Thomas Eppes, Thonotosassa
'Stand your ground'
Stuck with a flawed law
No matter how apparently flawed the "stand your ground" law is, it probably wont be repealed for two reasons.
The first is the fact that the legislators who sponsored this law don't want negative ads about them in their next campaign stating that a law they authored was so bad it had to be repealed because people were being legally killed because of it.
And the second is the powerful NRA lobby in Florida. It's just another sad sign of the dysfunctional political climate we are living in.
Demi Swearingen, St. Petersburg
Safety first | June 13, letter
Now go after tailgaters
I agree totally about using cameras to stop people who run red lights. It is a long time coming. Now lawmakers should crack down another kind of driver: the tailgater.
There is no reason for a driver to tailgate another driver. You can't go any faster then the traffic in front of you. You can't and shouldn't go faster then the law will allow. You should not endanger the person in front of you.
I have even witnessed a police car being tailgated by a young driver. And only after he put on his lights did she back off.
This dangerous practice should be stopped.
Beverly Fromal, Spring Hill
Chasing the money
I find it very curious that conservatives see no hypocrisy in their criticism President Barack Obama's celebrity fundraisers. In the last election, he was compared to Paris Hilton; this year, Rush Limbaugh calls him the "Kim Kardashian" of the Democrats.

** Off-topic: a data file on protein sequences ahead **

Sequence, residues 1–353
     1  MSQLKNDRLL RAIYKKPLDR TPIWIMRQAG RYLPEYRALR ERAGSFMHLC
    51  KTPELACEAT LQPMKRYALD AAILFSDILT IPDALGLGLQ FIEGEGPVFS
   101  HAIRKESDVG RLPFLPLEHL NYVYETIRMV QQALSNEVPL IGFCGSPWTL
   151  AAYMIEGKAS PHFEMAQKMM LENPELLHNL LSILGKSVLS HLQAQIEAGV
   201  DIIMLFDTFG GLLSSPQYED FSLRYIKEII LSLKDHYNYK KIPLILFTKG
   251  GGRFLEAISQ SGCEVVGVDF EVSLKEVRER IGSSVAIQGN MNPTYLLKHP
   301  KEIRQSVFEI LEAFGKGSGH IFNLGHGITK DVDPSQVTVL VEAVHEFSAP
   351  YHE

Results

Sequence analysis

Because of the Supreme Court's Citizens United decision, it's a new game this election season, and both candidates are facing a huge challenge to out-raise each other. Personally, I'd prefer to see the president raise money from celebrities with selfless agendas (the environment, Darfur, etc.) rather than from billionaires with the single-minded purpose of electing a president who will be sure not to cost them another dime in taxes.
This is one more reason why we need to get the money out of politics, for the sake of the country.
Jackie Gavrian, Brandon
Obama pre-empts Rubio | June 16
"Obama pre-empts Rubio." Really? Not "Hope for some immigrants" or "New incentive to violate border" or "President sidesteps Congress"? Your headline and article reveals your partisan, "inside baseball" approach to journalism. Months before a critical election, you are point-scoring and editorializing on the front page.
Where can I find a newspaper that reports what we already know to be true: Barack Obama's policies have failed, but he may deserve a mulligan if he offers a new direction instead of excuses; and Mitt Romney may warrant a try, but we'll never know until he drops the platitudes and details his plans.
Pat Byrne, Largo
He's a double hero | June 15
Upbeat front page
Thank you so much for that wonderful story about Gus Hertz. With all the gloom and doom in the world it's a refreshing change to see such an upbeat, positive story as the focal point on the front page. And what's not to love about a handsome, humble hero.
Christine Jamesson, Clearwater